Melina Smirniou, Christie Pohl, and Dominica D’arcangelo
Conservators Without Borders is a volunteer program that provides support to archaeological projects where insufficient funding does not allow for conservation activity. Priority is given to sites in countries where finds are in need of urgent attention, either during or post-excavation. Other objectives of the initiative include outreach to local communities, developing sustainable methods of conservation, collaboration with archaeologists, and training students, volunteers and interested community members. In 2007, Conservators Without Borders was awarded a sum of money by University College London Futures to carry out two pilot seasons in 2007 and 2008. University College London Futures, funded by alumni, staff and friends, awards grants to members of the University College London community for non-research initiatives. This paper describes two collaborative projects undertaken by Conservators Without Borders in 2007.
During the first project, Conservators Without Borders worked alongside archaeologists from the Kythera Island Project on the island of Kythera in Greece. A collection of Minoan, Classical and Roman artifacts were subject to fluctuating environmental conditions and the circumstances worsened following a severe earthquake in 2006. The second project took place in Jordan in cooperation with the country’s Department of Antiquities and involved treating objects from museum collections in Umm Qais, Jarash, Karak, Petra, Irbid and Amman.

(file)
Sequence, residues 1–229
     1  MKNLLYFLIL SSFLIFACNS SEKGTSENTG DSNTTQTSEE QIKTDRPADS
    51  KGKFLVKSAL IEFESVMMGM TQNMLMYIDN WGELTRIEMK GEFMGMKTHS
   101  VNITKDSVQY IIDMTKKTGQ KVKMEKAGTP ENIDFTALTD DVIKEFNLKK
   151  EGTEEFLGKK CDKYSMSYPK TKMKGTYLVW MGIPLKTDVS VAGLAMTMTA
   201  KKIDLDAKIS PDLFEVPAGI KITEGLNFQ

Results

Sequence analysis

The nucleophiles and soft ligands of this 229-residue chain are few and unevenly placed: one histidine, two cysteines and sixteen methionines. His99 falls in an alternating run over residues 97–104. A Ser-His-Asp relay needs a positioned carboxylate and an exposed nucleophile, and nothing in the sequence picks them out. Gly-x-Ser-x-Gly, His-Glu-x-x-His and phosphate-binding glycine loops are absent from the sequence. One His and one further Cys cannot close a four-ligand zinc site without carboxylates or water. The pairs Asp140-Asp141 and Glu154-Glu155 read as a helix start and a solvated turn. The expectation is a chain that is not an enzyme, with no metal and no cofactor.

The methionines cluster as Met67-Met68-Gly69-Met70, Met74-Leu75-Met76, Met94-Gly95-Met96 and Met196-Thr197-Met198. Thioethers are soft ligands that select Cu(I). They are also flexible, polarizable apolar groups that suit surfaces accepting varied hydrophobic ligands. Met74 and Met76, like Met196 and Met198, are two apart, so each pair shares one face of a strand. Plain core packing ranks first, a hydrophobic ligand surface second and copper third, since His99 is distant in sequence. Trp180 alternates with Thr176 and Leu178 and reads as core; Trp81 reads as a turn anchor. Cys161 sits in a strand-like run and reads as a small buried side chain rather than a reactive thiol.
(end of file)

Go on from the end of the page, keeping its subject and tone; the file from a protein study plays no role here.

Both projects have provided Conservators Without Borders with valuable opportunities to raise the profile of archaeological conservation through close interaction with archaeologists, museum professionals, government officials and students. Helping to build long-term sustainable conservation programs in areas where there is enthusiasm for conservation is rewarding for Conservators Without Borders conservators and stakeholders alike. Conservators Without Borders will return to Greece and Jordan in 2008 for additional conservation work and to build on the foundations laid through the initial outreach and training sessions.